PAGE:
The baseline characteristics of the 38 recruited patients are summarized in Table 1. The median number of cycles administered was 2 (range: 1–22) with a mean of ~94% of the planned mogamulizumab dose administered. The mean (±SD) duration of therapy was 13.9±21.3 weeks. Thirty-five patients were evaluable for efficacy, as 3 patients did not have a post-baseline assessment for efficacy. ORR was 11.4% (95% CI: 3.2–26.7%) and SD or better rate was 45.7% (Table 2). Four patients achieved response (1 CR, 3 PR) at the first 8-week assessment (after two treatment cycles), who were treated for relapsed (n=3) or refractory (n=1) PTCL. The duration of response was 539+ (CR), 77 (PR), 43 (PR), and 1 (PR) days, respectively. The ECOG PS was 1, 2, 0, and 0 in these respective patients. The median PFS was 2.1 months (95% CI: 1.3–3.9 months). The median duration of SD or response was 2.8 months. OS was not analyzed due to inadequate follow-up for survival.
Treatment-related AEs of any grade occurred in 37 patients (97.4%), and treatment-related AEs grade ≥3 in 14 patients (36.8%) (Table 3). The most common treatment-related AEs of any grade were drug eruption (n=13, 34.2%), pyrexia (n=9, 23.7%), diarrhea (n=7, 18.4%), and pruritus (n=7, 18.4%). The only treatment-related AEs grade ≥3 occurring in more than 2 patients were thrombocytopenia (n=5, 13.2%), anemia (n=3, 7.9%), neutropenia (n=3, 7.9%), and drug eruption (n=3, 7.9%). Twelve patients (31.6%) experienced treatment-related SAEs, including 2 patients who died from septic shock and pneumonia, respectively. No unexpected trends or safety concerns were identified from laboratory parameters, vital signs, or ECG assessments. No patients developed anti-mogamulizumab antibodies.
Our study of European patients with relapsed or refractory PTCL showed an ORR of 11.4% (95% CI: 3.2–26.7%), which did not reach the target ORR of 35% set by the protocol, and appeared lower when compared to the previous study2 of Japanese patients with relapsed PTCL (34%) and other key studies of approved agents on relapsed/refractory PTCL: pralatrexate, romidepsin, and belinostat of 29%,6 25%,7 and 26%,8 respectively. The median PFS was similar in both the Japanese and our studies (2.1 and 2.0 months, respectively). The safety profile of mogamulizumab was similar in both studies. Drug eruption was relatively common, occurring in approximately one-third of patients. It has been hypothesized as being related to the antitumor mechanism of mogamulizumab, as CCR4 contributes to skin-specific lymphocyte homing.9 There is no immediately clear explanation for the lower ORR in our study compared to the previous Japanese study.2 Different ethnicity is an unlikely explanation. Histopathological PTCL subtypes (predominantly PTCL-NOS and AITL in similar proportions) and the number of previous systemic therapies were similar. Nonetheless, there were some differences that might impact ORR. Our study included patients with either relapsed or refractory disease whereas the Japanese study only included patients with relapsed disease. It has been shown that refractory PTCL has been associated with poorer outcome, with a median OS of 2.5 compared to 6 months for those with relapsed PTCL.10 It is therefore likely that the relapsed disease status in the Japanese study would have biased toward a better outcome. Responders in the current study had relapsed (n=3) or refractory (n=1) disease. ECOG PS was worse in our study; 39% of patients scored 2 compared to none in the Japanese study. It has recently been demonstrated that PS is the most predictive prognostic factor with respect to OS and PFS in PTCL patients.10 This raises the possibility that PS may have impacted outcome and may partially account for the difference in ORR between the studies. Only 1 patient with ECOG PS 2 responded in our study, and was also the only responder with refractory disease. Furthermore, dose intensity appeared to be higher in the Japanese study; mogamulizumab 1.0 mg/kg once weekly to a maximum of 8 doses being permitted (68% of patients completing this course). In our study, the same dose was administered once weekly for 4 weeks followed by every 2 weeks continuously until PD (mean (±SD) duration of therapy was 13.9±21.3 weeks with a median of 6 doses administered). Finally, treatment response was assessed by the investigators in our study whereas an Independent Review Committee (IRC) was used in the Japanese study. It has been shown that there may be a difference in ORR estimation between investigators and IRCs.11 However, a retrospective review of data from the Japanese study showed that there was no difference between investigator and IRC evaluation of ORR (data on file, Kyowa Kirin Pharmaceutical Development, Inc.).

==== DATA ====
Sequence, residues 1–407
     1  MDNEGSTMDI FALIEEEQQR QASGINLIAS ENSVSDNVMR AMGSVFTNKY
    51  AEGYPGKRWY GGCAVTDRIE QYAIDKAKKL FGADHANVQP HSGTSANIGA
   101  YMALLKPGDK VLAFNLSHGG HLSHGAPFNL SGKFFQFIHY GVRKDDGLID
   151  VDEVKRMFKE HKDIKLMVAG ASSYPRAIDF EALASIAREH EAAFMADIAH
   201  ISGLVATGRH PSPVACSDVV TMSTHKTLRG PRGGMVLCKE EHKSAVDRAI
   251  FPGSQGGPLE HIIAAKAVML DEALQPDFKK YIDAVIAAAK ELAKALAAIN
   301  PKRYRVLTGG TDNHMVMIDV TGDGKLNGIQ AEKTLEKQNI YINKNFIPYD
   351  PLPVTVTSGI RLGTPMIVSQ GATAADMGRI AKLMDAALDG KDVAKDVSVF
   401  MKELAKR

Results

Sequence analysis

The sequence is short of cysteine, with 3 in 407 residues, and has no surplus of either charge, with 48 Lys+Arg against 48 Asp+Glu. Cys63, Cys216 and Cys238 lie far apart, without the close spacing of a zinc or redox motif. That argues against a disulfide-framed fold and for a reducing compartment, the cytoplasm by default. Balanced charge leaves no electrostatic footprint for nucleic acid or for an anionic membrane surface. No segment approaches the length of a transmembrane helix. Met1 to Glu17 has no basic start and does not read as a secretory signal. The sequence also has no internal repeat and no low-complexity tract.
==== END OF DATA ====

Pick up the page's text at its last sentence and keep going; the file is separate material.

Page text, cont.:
Although mogamulizumab therapy demonstrated an ORR of 11.4% in our study, disease control (SD or better) rate was 45.7%. In order to enhance the efficacy of relapsed/refractory PTCL, a combined therapeutic approach might be considered for the future development of mogamulizumab in relapsed/refractory PTCL.
The authors thank Peter Todd, PhD, (Tajut Ltd, Kaiapoi, New Zealand) for medical editorial assistance with this article, for which he received financial compensation from Kyowa Kirin Pharmaceutical Development, Inc. (Princeton, New Jersey, USA).
Funding: this work was supported by Kyowa Kirin Pharmaceutical Development, Inc. (Princeton, New Jersey, USA).
Information on authorship, contributions, and financial & other disclosures was provided by the authors and is available with the online version of this article at www.haematologica.org.